sage: for t in D.iter_transitions():
....:     t.hook = transition_hook


Rerunning the process again now gives the following output:

sage: D.process([1, 1, 0, 1])
We are now in State 0.
Currently we go from 0 to 1, reading 1 and writing 0.
We are now in State 1.
Currently we go from 1 to 0, reading 1 and writing 1.
We are now in State 0.
Currently we go from 0 to 0, reading 0 and writing 0.
We are now in State 0.
Currently we go from 0 to 1, reading 1 and writing 0.
We are now in State 1.
(False, 1, [0, 1, 0, 0])


The example above just explains the basic idea of using hook-functions. In the following, we will use those hooks more seriously.

### Detecting sequences with same number of $$0$$ and $$1$$¶

Suppose we have a binary input and want to accept all sequences with the same number of $$0$$ and $$1$$. This cannot be done with a finite automaton. Anyhow, we can make usage of the hook functions to extend our finite automaton by a counter:

sage: from sage.combinat.finite_state_machine import FSMState, FSMTransition
sage: C = FiniteStateMachine()
sage: def update_counter(state, process):
....:     process.fsm.counter += 1 if l == 1 else -1
....:     if process.fsm.counter > 0:
....:         next_state = 'positive'
....:     elif process.fsm.counter < 0:
....:         next_state = 'negative'
....:     else:
....:         next_state = 'zero'
....:     return FSMTransition(state, process.fsm.state(next_state),
....:                          l, process.fsm.counter)
....:             is_initial=True, is_final=True))
'zero'
'positive'
'negative'


Now, let’s input some sequence:

sage: C.counter = 0; C([1, 1, 1, 1, 0, 0])
(False, 'positive', [1, 2, 3, 4, 3, 2])


The result is False, since there are four $$1$$ but only two $$0$$. We land in the state positive and we can also see the values of the counter in each step.

Let’s try some other examples:

sage: C.counter = 0; C([1, 1, 0, 0])
(True, 'zero', [1, 2, 1, 0])
sage: C.counter = 0; C([0, 1, 0, 0])
(False, 'negative', [-1, 0, -1, -2])


AUTHORS:

• Daniel Krenn (2012-03-27): initial version

• Clemens Heuberger (2012-04-05): initial version

• Sara Kropf (2012-04-17): initial version

• Clemens Heuberger (2013-08-21): release candidate for Sage patch

• Daniel Krenn (2013-08-21): release candidate for Sage patch

• Sara Kropf (2013-08-21): release candidate for Sage patch

• Clemens Heuberger (2013-09-02): documentation improved

• Daniel Krenn (2013-09-13): comments from trac worked in

• Clemens Heuberger (2013-11-03): output (labels) of determinisation,

product, composition, etc. changed (for consistency), representation of state changed, documentation improved

• Daniel Krenn (2013-11-04): whitespaces in documentation corrected

• Clemens Heuberger (2013-11-04): full_group_by added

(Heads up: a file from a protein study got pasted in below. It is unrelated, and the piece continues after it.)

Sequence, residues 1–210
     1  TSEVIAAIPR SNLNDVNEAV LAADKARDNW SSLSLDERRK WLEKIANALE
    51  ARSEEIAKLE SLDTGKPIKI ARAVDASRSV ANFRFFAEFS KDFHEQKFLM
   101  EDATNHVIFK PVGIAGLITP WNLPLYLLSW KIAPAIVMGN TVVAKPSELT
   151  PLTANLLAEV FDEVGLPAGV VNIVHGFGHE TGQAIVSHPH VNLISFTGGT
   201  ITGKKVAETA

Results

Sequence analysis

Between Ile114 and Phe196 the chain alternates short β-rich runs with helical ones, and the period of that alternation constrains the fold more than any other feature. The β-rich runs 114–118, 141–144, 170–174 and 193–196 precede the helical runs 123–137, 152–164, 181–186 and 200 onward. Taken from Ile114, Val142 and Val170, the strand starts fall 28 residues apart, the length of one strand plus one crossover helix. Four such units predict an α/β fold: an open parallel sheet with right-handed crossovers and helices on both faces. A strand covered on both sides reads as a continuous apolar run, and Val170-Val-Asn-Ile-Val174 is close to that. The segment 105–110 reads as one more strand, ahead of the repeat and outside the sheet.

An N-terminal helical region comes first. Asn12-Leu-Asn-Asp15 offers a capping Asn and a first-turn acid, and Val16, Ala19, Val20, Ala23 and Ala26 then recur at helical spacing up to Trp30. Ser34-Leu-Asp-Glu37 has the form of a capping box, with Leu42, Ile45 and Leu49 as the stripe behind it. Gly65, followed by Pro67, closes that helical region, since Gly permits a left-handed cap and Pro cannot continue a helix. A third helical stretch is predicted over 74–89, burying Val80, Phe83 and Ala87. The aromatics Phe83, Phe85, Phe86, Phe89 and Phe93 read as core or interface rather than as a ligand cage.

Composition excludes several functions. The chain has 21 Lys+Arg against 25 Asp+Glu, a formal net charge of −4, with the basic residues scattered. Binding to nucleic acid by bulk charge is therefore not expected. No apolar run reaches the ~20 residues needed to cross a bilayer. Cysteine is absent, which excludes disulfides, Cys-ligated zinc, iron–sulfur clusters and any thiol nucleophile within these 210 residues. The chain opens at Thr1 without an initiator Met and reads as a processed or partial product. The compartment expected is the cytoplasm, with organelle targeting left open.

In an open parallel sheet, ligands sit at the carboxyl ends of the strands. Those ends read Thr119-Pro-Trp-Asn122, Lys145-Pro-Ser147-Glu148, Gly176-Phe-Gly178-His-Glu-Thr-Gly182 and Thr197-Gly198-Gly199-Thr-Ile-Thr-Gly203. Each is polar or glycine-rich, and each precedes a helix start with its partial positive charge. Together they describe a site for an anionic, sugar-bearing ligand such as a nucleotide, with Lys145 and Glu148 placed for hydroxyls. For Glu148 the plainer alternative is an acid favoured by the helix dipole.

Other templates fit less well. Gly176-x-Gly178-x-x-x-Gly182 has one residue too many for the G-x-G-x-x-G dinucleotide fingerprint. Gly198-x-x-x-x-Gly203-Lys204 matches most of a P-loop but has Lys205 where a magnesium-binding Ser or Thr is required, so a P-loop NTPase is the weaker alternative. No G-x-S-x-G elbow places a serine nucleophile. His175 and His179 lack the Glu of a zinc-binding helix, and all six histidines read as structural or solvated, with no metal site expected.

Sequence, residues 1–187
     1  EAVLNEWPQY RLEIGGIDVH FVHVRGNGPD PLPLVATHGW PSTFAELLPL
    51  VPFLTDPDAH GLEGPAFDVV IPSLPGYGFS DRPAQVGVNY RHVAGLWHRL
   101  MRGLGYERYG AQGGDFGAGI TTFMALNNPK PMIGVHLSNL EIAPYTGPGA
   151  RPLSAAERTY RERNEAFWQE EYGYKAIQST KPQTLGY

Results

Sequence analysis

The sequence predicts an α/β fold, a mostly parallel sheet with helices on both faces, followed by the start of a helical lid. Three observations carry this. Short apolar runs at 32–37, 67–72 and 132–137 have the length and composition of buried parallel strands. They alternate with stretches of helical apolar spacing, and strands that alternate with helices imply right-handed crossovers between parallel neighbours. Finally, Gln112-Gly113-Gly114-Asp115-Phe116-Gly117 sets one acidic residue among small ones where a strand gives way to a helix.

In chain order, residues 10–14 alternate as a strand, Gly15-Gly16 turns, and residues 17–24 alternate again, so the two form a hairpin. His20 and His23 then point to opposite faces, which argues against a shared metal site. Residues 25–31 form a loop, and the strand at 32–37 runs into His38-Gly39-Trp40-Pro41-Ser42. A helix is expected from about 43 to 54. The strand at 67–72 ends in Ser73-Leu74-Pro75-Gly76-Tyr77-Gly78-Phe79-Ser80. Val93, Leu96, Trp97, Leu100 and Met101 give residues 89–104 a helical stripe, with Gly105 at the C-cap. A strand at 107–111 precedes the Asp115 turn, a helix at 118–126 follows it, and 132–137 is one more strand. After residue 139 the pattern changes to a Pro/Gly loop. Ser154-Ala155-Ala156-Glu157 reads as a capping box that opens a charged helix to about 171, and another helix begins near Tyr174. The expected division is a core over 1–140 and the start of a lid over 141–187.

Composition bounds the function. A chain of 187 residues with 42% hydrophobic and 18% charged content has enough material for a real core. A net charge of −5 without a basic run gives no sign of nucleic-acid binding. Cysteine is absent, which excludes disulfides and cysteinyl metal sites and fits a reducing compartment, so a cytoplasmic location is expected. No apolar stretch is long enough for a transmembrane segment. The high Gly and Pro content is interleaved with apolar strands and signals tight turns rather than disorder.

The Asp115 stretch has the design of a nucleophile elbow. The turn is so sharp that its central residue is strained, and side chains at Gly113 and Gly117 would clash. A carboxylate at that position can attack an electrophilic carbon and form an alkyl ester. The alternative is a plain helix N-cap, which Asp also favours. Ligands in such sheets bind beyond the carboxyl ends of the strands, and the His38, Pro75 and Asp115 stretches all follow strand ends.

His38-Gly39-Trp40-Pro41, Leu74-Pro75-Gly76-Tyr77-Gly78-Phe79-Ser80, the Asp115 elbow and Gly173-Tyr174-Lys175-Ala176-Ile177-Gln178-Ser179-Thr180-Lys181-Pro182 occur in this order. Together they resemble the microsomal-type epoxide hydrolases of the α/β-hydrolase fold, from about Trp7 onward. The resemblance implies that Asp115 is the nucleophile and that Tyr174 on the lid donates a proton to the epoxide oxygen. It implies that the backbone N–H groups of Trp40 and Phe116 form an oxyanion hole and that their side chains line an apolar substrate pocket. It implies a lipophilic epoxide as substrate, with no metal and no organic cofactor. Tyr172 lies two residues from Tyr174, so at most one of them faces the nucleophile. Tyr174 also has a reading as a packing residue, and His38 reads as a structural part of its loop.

• Daniel Krenn (2013-11-04): next release candidate for Sage patch

• Sara Kropf (2013-11-08): fix for adjacency matrix

• Clemens Heuberger (2013-11-11): fix for prepone_output

• Daniel Krenn (2013-11-11): comments from trac 15078 included:

docstring of FiniteStateMachine rewritten, Automaton and Transducer inherited from FiniteStateMachine

• Daniel Krenn (2013-11-25): documentation improved according to

ACKNOWLEDGEMENT:

• Daniel Krenn, Clemens Heuberger and Sara Kropf are supported by the Austrian Science Fund (FWF): P 24644-N26.
class sage.combinat.finite_state_machine.Automaton(data=None, initial_states=None, final_states=None, input_alphabet=None, output_alphabet=None, determine_alphabets=None, store_states_dict=True, on_duplicate_transition=None)

This creates an automaton, which is a finite state machine, whose transitions have input labels.

An automaton has additional features like creating a deterministic and a minimized automaton.

EXAMPLES:

We can create an automaton recognizing even numbers (given in binary and read from left to right) in the following way:

sage: A = Automaton([('P', 'Q', 0), ('P', 'P', 1),
....:                ('Q', 'P', 1), ('Q', 'Q', 0)],
....:               initial_states=['P'], final_states=['Q'])
sage: A
Automaton with 2 states
sage: A([0])
True
sage: A([1, 1, 0])
True
sage: A([1, 0, 1])
False


Note that the full output of the commands can be obtained by calling process() and looks like this:

sage: A.process([1, 0, 1])
(False, 'P')


TESTS:

sage: Automaton()
Automaton with 0 states

cartesian_product(other, only_accessible_components=True)

Returns a new automaton which accepts an input if it is accepted by both given automata.

INPUT:

• other – an automaton
• only_accessible_components – If True (default), then the result is piped through accessible_components. If no new_input_alphabet is given, it is determined by determine_alphabets().

OUTPUT:

A new automaton which computes the intersection (see below) of the languages of self and other.

The set of states of the new automaton is the cartesian product of the set of states of both given automata. There is a transition $$((A, B), (C, D), a)$$ in the new automaton if there are transitions $$(A, C, a)$$ and $$(B, D, a)$$ in the old automata.

The methods intersection() and cartesian_product() are the same (for automata).